It appears as though Samsung has begun the testing phase for its successor to the Galaxy S III, albeit with lower-end specs. The benchmark outs the device as wielding a WVGA display and dual-core 1.2GHz processor. Of course the rumored Galaxy S IV powerhouse won’t be sporting those measly specifications, but before you rule this leak out as a fake, keep in mind that Samsung consistently tests pre-production firmware on devices with lower specs than the model that will actually see a release.
For example, last year we encountered several early benchmarks of the Galaxy S III with these very same hardware components (which began showing up in December). This allows Samsung to thoroughly test preliminary software and make inherent changes on a test unit, despite not having the actual components that will be present in the GS4.
It was last month that we heard that the reason for Galaxy Note 10.1 delay was for a nice little hardware bump, replacing its dual-core chip with the faster, more powerful quad-core Exynos 4412. Now we aren’t entirely positive that this is to be the case, but remember, a Samsung spokesperson said that the device would be entirely different than when it was announced at MWC so we have no reason to believe a quad-core jump wouldn’t be in favor.
To back up that theory, a new Galaxy Note 10.1 NenaMark benchmark test result shows a frame rate of 58.8 fps. This is a frame speed similar to the one that the Transformer Prime can produce, a device with a blazing fast quad-core processor. Just to make a comparison, the 1.4GHz dual-core Galaxy Tab 7.7 scores a 44fps and the Galaxy Note brings in 48fps. This is quite a large increase in speed and my speculation suggests it’s because a quad-core chip was used in this recent NenaMark test.
As it goes with any rumors or speculation, this Exynos 4412 idea should be taken with a grain of salt. It won’t be until we get official confirmation that we will for sure know that the Galaxy Note 10.1 will be rocking a quad-core chip. Stay tuned…
You remember that ICS Update for the HTC Vivid smartphone we mentioned last week? Not only did it bring improved sound quality to the device, it’s also brought better overall performance of the device. VentureBeat reports the device with Android 4.0 may be seeing up to 66 percent faster than when the device operated on Android 2.3. This makes the Vivid the first device outside of the Galaxy Nexus in the U.S. to not only feature ICS, but to show the benefits of the updated software through measurable performance. Read on to see the direct comparison of Android 2.3 vs. Android 4.0 on the Vivid smartphone.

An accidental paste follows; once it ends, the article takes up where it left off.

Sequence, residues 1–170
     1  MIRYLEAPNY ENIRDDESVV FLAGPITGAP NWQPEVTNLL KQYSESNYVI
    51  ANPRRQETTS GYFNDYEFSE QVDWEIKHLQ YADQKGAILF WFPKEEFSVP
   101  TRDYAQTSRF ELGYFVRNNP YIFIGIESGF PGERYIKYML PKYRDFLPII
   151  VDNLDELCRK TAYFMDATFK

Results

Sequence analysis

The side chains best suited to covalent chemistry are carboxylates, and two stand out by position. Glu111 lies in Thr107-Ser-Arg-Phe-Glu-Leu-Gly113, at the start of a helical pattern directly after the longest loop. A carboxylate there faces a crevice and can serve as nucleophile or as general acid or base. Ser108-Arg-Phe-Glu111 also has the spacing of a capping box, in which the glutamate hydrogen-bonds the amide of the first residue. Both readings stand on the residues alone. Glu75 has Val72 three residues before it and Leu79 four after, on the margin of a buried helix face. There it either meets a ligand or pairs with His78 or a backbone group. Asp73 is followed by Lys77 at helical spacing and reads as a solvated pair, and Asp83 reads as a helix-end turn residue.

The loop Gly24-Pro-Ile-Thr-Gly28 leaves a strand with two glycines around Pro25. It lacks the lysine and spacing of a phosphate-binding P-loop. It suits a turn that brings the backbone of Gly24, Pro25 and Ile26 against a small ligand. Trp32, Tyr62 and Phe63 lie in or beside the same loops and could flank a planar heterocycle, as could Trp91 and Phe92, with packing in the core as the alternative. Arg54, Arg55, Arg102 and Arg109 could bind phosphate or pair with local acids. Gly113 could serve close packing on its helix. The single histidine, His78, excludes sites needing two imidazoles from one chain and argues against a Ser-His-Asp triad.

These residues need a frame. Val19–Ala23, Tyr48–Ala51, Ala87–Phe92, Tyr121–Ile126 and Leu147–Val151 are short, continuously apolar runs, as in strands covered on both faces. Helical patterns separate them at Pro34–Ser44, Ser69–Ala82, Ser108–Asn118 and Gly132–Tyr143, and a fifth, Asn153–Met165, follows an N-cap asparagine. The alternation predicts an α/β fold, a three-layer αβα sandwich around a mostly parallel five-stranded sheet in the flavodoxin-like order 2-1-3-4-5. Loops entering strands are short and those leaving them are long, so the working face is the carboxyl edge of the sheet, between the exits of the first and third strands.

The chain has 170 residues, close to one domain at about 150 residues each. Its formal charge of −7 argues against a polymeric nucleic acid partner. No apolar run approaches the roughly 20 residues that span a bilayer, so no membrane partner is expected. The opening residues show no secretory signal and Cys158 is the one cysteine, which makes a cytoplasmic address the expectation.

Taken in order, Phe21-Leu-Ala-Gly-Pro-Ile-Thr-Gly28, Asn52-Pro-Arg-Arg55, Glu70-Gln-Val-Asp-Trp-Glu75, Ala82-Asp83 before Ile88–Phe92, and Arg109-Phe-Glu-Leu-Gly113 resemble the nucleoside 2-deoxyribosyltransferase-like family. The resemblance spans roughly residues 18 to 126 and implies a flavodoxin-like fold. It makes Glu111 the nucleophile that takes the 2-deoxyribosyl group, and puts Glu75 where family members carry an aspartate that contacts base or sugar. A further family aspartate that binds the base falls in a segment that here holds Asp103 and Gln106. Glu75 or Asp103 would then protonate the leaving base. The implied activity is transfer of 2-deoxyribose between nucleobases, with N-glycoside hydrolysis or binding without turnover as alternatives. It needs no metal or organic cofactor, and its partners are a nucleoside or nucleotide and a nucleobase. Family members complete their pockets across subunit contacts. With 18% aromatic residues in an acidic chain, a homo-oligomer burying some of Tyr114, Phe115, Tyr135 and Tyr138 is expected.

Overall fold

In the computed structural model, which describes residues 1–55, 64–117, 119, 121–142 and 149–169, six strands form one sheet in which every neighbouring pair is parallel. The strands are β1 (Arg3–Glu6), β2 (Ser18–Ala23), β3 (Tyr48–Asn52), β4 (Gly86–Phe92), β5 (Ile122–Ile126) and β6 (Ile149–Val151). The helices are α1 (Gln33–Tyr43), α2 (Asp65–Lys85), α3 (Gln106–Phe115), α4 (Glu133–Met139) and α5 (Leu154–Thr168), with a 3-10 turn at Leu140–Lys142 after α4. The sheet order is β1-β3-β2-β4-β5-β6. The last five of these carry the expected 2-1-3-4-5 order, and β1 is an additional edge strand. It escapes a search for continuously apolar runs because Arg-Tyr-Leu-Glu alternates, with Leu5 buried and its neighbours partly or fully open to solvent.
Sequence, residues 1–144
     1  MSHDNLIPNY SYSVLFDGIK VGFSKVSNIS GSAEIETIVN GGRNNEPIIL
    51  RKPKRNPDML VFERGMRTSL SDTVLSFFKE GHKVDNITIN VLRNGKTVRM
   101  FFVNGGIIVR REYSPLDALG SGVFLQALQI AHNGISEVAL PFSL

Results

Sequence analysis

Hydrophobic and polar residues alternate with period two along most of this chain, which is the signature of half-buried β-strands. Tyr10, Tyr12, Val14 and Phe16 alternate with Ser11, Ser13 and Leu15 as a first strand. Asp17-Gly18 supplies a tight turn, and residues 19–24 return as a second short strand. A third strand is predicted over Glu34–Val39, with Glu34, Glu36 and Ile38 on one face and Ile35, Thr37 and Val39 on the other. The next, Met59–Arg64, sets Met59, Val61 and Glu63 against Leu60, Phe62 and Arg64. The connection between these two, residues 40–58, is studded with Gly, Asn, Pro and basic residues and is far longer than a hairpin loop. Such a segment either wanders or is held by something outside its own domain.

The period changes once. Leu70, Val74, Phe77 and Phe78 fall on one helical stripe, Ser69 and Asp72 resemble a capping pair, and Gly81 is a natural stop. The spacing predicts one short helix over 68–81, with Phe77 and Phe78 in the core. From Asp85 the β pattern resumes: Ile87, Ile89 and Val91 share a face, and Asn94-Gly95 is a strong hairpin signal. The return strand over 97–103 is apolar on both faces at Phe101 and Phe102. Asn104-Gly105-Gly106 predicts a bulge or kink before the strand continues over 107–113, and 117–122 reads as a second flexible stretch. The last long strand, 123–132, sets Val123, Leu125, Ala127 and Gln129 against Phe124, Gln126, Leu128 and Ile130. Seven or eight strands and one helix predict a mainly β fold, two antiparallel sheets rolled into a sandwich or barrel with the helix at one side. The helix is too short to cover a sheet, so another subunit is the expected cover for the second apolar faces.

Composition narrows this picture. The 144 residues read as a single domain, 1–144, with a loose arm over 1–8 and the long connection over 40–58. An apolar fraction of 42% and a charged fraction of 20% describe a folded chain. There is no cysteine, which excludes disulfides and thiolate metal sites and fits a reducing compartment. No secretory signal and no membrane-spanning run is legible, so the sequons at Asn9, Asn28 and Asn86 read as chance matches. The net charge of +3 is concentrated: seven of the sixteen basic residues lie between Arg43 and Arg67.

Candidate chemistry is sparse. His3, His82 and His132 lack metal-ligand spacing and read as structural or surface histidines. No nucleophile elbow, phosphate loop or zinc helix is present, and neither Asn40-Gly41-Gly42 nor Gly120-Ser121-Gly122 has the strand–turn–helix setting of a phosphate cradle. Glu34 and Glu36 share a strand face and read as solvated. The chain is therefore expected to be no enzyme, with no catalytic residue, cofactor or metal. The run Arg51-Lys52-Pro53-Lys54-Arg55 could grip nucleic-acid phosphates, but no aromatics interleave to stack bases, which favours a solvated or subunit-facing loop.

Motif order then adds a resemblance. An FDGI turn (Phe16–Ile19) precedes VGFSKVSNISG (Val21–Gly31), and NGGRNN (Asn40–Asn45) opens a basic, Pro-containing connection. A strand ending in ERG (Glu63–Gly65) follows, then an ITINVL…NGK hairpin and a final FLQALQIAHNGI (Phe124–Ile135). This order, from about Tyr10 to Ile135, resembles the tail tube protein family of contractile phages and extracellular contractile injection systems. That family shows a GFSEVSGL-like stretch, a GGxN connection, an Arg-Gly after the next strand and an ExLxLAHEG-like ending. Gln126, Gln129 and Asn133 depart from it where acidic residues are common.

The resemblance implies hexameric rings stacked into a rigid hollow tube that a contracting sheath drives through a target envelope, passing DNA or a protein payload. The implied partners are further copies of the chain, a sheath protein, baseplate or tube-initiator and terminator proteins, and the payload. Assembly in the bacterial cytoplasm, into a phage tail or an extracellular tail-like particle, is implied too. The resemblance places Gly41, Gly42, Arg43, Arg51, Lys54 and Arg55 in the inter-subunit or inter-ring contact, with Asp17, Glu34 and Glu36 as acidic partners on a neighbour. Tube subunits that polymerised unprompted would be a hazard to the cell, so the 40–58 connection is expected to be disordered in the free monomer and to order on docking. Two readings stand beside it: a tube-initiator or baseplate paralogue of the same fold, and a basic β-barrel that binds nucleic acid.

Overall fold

Back when it was first leaked that Sprint would be sporting a Galaxy Nexus of their own it was suggested that their version of the phone would be running a 1.5GHz processor. Considering the original runs a 1.2 GHz OMAP processor everyone was a little surprised. It caught some to question the fact that Google and Samsung would consider dropping a higher-end Galaxy Nexus on the world. Well if the benchmark folk NenaMark have anything to say about it, then a higher-end Galaxy Nexus we shall have!
The Droid Razr, Droid HD, Spyder, or whatever you want to call it has shown up on a benchmark at Nenamark. Of course these benchmarks could be completely false, but they show a qHD screen (960×540), 1.2GHz processor, and Android 2.3.5. I would be very surprised if the processor wasn’t at least dual-core and it has been reported to possibly be an OMAP. The Razr is still hanging out in Rumorville right now, but hit up the break to catch the benchmark capture. After seeing the Droid HD in CelleBrite we should be getting more solid information soon.
Nenamark results for a Pantech tablet with the model number P4100 have surfaced, giving us an early peek into a future Android Honeycomb 3.2 device for AT&T. Although scarce, the additional details do implicate a promising 1.5GHz Qualcomm processor with an Adreno 220 GPU and a display with 1024×720 resolution. The results don’t spill all the beans, but it certainly drops some juicy clues for a device worth keeping our eyes on.